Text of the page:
Clogs are a group that I discovered in a rather haphazard way. Although I'd seen their name mentioned in a couple places on sites that I read reviews, I never clicked through actually read any more about them for some reason. Then, one day I was surfing a well-known auction site (which will remain un-named) and someone had used their name in the title of their auction in a reference to an artist I was actually searching for. Yes, that's a horrible way to find out about a group, but nonetheless my interest was piqued and I went to the website for Clogs and listened to some of their music and went ahead and hunted down their newest album.
Regardless of how I ended up coming to listen to Stick Music, I'm glad that I did, because it's a real gem of an album that probably hasn't gotten enough press as it should have. Clogs are a group led by one Padme Newsome and Bryce Dessmer (with various other members) that play a sort of modern take on chamber music. At times they sound like different pieces by the Kronos Quartet, and at other times they near the odd variation that groups like electronic-enhanced artists like The Books perform.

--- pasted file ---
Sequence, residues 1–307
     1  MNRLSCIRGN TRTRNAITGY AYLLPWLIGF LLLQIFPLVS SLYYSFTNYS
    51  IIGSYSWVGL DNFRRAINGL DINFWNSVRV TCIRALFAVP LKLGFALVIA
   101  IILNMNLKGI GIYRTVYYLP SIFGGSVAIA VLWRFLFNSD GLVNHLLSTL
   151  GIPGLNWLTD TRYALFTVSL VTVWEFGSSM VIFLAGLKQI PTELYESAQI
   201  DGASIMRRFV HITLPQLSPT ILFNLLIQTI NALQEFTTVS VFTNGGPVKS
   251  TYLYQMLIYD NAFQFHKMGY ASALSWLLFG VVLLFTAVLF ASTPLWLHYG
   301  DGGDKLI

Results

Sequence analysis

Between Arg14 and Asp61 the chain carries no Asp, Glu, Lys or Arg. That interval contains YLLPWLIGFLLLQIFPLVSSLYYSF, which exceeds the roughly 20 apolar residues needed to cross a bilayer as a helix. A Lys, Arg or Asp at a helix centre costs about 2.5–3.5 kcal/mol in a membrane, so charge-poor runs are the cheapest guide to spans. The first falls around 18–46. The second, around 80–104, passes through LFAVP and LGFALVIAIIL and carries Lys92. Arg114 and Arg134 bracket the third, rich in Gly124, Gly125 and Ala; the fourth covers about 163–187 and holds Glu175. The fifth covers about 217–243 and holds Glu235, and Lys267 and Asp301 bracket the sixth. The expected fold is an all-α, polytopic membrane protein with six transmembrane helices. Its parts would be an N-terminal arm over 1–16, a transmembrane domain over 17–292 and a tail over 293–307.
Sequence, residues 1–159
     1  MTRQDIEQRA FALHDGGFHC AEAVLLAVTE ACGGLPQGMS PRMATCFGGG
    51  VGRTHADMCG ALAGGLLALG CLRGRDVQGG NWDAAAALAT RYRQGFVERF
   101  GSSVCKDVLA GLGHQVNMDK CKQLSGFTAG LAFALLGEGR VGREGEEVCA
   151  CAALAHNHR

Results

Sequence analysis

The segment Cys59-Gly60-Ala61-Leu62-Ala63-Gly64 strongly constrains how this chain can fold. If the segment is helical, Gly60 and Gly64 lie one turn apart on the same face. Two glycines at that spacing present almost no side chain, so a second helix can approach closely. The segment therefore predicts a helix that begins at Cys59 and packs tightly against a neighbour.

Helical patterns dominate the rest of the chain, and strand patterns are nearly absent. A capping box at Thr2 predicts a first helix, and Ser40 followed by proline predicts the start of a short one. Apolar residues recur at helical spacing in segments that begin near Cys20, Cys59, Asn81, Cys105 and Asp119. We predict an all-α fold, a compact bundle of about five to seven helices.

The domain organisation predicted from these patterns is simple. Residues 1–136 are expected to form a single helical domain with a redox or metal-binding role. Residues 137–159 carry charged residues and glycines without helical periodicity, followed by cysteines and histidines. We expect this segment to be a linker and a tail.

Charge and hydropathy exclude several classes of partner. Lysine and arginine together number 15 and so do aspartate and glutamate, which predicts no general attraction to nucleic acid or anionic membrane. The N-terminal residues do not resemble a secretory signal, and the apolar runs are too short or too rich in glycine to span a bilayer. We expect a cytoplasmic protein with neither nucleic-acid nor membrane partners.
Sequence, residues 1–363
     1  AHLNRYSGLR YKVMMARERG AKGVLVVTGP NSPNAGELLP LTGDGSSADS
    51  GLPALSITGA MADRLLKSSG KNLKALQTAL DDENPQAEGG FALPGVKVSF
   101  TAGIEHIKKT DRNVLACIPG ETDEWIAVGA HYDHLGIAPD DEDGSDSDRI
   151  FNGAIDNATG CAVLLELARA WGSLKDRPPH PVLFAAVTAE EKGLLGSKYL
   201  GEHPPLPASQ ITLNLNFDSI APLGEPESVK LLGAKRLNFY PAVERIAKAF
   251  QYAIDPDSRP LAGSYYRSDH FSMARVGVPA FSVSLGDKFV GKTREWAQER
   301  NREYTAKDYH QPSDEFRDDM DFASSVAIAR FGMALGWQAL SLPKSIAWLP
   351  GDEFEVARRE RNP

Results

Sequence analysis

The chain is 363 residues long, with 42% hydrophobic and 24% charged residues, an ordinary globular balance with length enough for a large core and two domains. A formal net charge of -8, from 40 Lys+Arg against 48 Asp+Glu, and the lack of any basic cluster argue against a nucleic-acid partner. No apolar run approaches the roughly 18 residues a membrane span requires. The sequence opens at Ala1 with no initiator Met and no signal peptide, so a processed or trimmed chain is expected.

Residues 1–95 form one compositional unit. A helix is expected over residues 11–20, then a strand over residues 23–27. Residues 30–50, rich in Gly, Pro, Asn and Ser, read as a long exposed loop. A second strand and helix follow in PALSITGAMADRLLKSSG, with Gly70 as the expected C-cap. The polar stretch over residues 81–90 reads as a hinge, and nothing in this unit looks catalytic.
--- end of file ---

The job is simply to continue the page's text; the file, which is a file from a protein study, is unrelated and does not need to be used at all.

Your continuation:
It helps that the group doesn't just limit themselves to string instruments (although the limitless possibilities of those instruments are just fine), as the group adds prepared guitar, guitar, and percussion in unique ways that only add to their compositions. The release actually opens with the lamenting "Ananda Lahari," and it's this short violin track that is easily the most stripped-down and plain (but still quite lovely) track on the release. From there, the group launches into one of several mini-epics with "Pencil Stick," a track that draws tension with quick string bows, plucked strings, and middle-eastern sounding percussion that all dance and progress in a delightful way with one another (and remind me of Michael Brooks' work with his infinite guitar on the 4AD label).
"Sticks And Nails" opens with struck reverberations that sound almost random at first, but then rhythmic violin playing rises out if it all before the track again detours into a wobbly, off-kilter track with tabla percussion before again moving back to building violins and then through several other variations on both themes in the course of over eight minutes. For the most part, the album is nine tracks and just under fifty minutes of music that finds a group really coming into their own in terms of creative and compositional powers. Like the aforementioned "Sticks And Nails," many of the tracks on the release are longer, but they never repeat themselves and often go in delightful, unexpected directions. Only the shorter "Lady Go" (the only track in which vocals make an appearance) feels a bit out-of-place on the release, but it's a minor quibble on a great album.